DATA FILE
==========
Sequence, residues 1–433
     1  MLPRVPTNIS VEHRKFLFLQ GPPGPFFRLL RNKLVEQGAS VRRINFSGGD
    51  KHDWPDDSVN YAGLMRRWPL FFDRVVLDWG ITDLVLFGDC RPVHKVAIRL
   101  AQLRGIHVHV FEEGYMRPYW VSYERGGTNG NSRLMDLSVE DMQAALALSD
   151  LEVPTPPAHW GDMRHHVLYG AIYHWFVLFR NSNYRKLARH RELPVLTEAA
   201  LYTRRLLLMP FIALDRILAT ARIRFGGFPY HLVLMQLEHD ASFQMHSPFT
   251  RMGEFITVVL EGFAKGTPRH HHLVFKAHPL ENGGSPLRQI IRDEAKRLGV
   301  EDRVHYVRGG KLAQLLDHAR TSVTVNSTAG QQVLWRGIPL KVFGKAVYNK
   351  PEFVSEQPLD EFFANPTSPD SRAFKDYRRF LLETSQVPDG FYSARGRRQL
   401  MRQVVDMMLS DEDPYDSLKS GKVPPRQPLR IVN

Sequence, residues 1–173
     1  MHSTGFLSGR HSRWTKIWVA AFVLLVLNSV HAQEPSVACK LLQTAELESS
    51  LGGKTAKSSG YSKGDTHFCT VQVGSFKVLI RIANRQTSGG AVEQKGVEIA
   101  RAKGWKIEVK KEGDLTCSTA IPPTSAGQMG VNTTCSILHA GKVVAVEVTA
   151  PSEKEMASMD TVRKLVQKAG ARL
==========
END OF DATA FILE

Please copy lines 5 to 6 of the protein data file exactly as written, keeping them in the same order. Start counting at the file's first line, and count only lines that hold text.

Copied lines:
   151  LEVPTPPAHW GDMRHHVLYG AIYHWFVLFR NSNYRKLARH RELPVLTEAA
   201  LYTRRLLLMP FIALDRILAT ARIRFGGFPY HLVLMQLEHD ASFQMHSPFT